Allegedly, in order to keep to their published timetables, Amtrak trains must not leave a station before the time printed. Therefore, when the clocks fall back in October, all Amtrak trains in the U.S. that are running on time stop at 2:00 a.m. and wait.

For one hour before putting it into drive again.

Sleepy, confused passengers are surely scratching their noggins over the clever corporate decisions made in that boardroom.

There is so much more to say on this subject. Seriously, I could … yawn … go on and on with my argument.

Instead, I’m going to go take a nap. See you in an hour.

~Shelley

Don’t forget to check out what we’re cookin’ in the Scullery (here) and what we all talked about down in the pub (here). And to see more of Robin Gott’s humor–all from the only pen carved from a human funny bone–click here.

Math; the cacophonous noise of numbers.

Archways

Archways (Photo credit: The Massie Boy)

The architect who designed our house was a fairly rotund fellow: sturdy, stout and elliptical. Perhaps because he was forced to face his oblong softness in the mirror each morning, he may have developed an aversion to curves. And this may be the reasoning behind his blueprint full of geometrical angles so sharp and precise it would be possible to surgically slice yourself if you weren’t careful rounding a corner from the kitchen to the laundry room.

We fought tooth and nail, my husband and I as a team, attempting to insert an arch here or there, or a hollow that suggested pliability. In the end, we were successful in sandpapering a lot of the inside edges away, and felt it would be safe enough for folks to walk through the house without wearing Teflon clothing.

But the roof … stayed as was first drawn.

I should rephrase that. The roofs stayed.

Gable roof

Most houses I’ve lived in have had two slopes for cover: front and back. A little like topping off four walls with a Hallmark card tipped on its side. Nothing fancy, just functional. Usually, it kept the rain from sliding inside and down to the basement. Sometimes the rooftop capped a little extra space where field mice were grateful and Christmas ornaments slept patiently. It was traditional and comforting—nothing too out of the ordinary that would cause folks to drive by and shake their heads in wonder–because where I grew up, if you weren’t regular, you were likely prayed for in church.

But the house I live in right now would be worthy of an entire diocese on their knees 24/7 for a month’s worth of assistance. Every time I go outside to look at it, I wonder if the house’s crowning design is even structurally possible. There’s a very good chance much of it was done with the aid of mirrors.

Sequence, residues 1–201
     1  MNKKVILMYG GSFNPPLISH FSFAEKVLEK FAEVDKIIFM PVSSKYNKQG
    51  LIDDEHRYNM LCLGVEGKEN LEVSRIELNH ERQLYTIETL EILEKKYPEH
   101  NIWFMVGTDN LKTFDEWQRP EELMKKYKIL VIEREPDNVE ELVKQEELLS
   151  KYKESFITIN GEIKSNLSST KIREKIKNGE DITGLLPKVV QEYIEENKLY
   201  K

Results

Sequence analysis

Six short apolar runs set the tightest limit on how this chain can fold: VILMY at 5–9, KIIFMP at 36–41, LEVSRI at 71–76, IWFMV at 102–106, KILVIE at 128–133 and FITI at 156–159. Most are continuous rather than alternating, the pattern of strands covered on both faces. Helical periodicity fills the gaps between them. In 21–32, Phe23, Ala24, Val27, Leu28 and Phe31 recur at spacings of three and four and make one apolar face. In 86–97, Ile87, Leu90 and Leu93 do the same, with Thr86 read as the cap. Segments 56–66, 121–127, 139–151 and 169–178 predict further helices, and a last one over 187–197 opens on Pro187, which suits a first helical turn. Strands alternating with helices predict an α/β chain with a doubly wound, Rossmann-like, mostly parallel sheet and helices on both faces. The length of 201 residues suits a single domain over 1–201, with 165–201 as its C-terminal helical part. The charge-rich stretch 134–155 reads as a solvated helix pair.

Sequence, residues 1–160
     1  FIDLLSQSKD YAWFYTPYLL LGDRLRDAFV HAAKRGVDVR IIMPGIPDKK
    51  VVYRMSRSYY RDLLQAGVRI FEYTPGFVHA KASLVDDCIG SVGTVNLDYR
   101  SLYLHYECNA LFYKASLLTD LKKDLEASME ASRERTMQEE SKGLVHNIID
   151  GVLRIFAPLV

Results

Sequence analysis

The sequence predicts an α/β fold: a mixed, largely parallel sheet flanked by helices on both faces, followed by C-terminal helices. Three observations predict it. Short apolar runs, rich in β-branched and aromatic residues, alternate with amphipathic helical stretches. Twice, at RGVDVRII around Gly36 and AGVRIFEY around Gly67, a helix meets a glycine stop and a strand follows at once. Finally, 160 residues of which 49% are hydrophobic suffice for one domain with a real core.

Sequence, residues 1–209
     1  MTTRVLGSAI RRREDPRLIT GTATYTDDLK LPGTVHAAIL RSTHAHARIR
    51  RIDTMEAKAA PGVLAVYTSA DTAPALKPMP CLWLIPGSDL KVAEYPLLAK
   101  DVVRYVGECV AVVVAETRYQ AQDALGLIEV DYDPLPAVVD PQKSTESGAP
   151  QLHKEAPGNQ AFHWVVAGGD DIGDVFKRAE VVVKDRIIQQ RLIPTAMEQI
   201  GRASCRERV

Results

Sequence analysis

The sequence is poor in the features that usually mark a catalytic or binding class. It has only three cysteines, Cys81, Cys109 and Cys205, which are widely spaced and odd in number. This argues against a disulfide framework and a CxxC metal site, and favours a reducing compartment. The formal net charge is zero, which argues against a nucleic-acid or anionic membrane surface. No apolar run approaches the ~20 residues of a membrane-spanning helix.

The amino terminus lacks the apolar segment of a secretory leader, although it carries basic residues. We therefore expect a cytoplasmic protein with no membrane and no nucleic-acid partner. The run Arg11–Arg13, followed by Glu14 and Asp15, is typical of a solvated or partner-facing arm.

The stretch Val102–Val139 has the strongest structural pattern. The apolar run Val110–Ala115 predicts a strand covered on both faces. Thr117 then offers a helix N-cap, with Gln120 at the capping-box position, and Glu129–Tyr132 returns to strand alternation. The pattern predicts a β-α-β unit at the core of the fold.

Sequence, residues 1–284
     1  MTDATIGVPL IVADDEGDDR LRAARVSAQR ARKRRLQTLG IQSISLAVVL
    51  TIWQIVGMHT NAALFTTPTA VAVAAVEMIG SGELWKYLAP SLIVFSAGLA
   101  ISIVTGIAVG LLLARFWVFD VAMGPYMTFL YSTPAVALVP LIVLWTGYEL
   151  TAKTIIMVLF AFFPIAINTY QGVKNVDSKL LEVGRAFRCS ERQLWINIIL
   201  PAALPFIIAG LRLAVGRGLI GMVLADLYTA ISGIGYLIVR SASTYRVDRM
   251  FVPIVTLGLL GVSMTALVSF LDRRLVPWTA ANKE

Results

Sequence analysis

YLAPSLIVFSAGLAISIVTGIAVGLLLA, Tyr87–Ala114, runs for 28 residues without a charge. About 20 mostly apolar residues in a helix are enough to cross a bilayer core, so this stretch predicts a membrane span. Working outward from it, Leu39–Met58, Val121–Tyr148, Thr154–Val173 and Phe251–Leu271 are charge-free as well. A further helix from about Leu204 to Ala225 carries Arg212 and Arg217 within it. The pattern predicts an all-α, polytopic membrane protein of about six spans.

crazy calculationsRolling out the blueprints to familiarize ourselves with the architect’s vision, we’d find mathematical angles from algebraic equations that surely made Einstein pace. There were unfamiliar words like cross hip, trusses, soffits and underlayment sweat sheets. Some terms might have been written backward, just to keep us from asking about them.

Several of the planes would be done in copper, others would be shingled. Apparently, all of them would be connected. Regardless, the long tube containing the rolled two-dimensional version of our home’s pinnacle puzzle oftentimes remained in its safe scroll form.

Remarkable as the finished product is, and the mathematically improbable achievement aside, I tend not to think too much about the rooftops unless one of two things occurs.

1. My son traps a wayward radio controlled aircraft somewhere in the maze of cedar and ductile metal.

or

2. We have an ice storm.

English: A buildup of ice on a branch after an...

Living where we do, this is not an uncommon thing. The weather is fickle here in the Blue Ridge Mountains, where precipitation is capricious and Mother Nature is determined to throw as many weathermen under the bus as possible with the intent to increase their incoming mounds of hate mail and angry tweets.

If it’s a matter of unruly dirigibles, we wait for a good, solid Nor’easter to blow through and bring the airship back to earth. There’s nothing anyone can do without a crane, a tightrope and a harness. If the roof is brought to my attention via the weather, then it’s usually due to the fact that I can’t get to sleep.

Pellets of sleet or the pinging of hail resonate with precise metallic tonality—a common occurrence for those with tinny plates above their heads. Soft spring rains can lull you to sleep, but winter’s transformative temperatures makes the sound akin to that of a full onslaught of air attack with BB guns.

Crash part 3

Crash part 3 (Photo credit: andysternberg)

The true test determining one’s degree of torpor is the ability to snooze through the assault of sliding snow and ice. Because of the many pitched roofs, all built at a dizzying array of levels, pancake sheets of solidified snow slide down a steeply pitched plane, before crashing to the next grade. Here, knowing its jarring noise roused you from your fragile slumber, the arctic blanket waits until you’ve resettled yourself and then it melds with the newly met wedge of snow. It now carries on its domino-effect late night charades—ever increasing the clamorous intensity until the miniature iceberg finds its last slide and thunders down to crash upon a groaning, snow-filled deck below. The clatter can catapult you from a dead sleep and have you diving for cover, firmly believing there’s an air raid above you.

Yes, I now know the difference between a ridge and a gable, the flashing and fascia, the dormers and drip edge, but it’s the rioting in the rafters that leaves me bleary-eyed and bushed.